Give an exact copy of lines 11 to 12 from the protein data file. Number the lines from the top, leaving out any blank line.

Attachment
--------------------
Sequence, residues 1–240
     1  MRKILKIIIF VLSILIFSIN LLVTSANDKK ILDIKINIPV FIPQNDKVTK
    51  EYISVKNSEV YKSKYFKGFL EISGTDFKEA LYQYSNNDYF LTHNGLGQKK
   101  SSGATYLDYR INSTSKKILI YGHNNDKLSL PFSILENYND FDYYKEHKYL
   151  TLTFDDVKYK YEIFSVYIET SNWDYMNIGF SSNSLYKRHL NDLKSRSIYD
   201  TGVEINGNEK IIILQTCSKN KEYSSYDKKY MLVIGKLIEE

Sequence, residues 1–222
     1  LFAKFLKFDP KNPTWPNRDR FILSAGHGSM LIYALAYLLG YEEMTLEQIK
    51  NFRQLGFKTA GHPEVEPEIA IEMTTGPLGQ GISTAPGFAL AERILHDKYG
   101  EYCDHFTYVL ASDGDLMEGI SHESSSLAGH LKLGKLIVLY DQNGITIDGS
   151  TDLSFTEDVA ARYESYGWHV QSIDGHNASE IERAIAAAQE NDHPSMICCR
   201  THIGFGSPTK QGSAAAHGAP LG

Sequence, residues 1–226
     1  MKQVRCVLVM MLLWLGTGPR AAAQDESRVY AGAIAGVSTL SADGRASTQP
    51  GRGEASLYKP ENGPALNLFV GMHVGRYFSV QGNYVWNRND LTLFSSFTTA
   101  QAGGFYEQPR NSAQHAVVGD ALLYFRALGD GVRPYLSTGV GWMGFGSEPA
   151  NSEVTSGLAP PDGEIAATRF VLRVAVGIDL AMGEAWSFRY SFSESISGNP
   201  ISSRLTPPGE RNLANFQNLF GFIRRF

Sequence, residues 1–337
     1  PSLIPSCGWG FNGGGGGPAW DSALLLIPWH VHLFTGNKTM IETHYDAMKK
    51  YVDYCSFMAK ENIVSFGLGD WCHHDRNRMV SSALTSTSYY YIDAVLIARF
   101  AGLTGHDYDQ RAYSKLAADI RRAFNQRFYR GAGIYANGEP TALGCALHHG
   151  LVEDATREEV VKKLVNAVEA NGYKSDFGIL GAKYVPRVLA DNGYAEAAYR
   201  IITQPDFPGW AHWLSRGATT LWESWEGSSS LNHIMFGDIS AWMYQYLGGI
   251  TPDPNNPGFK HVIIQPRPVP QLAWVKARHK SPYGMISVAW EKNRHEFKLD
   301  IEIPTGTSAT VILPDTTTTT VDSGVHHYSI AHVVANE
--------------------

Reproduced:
   151  TDLSFTEDVA ARYESYGWHV QSIDGHNASE IERAIAAAQE NDHPSMICCR
   201  THIGFGSPTK QGSAAAHGAP LG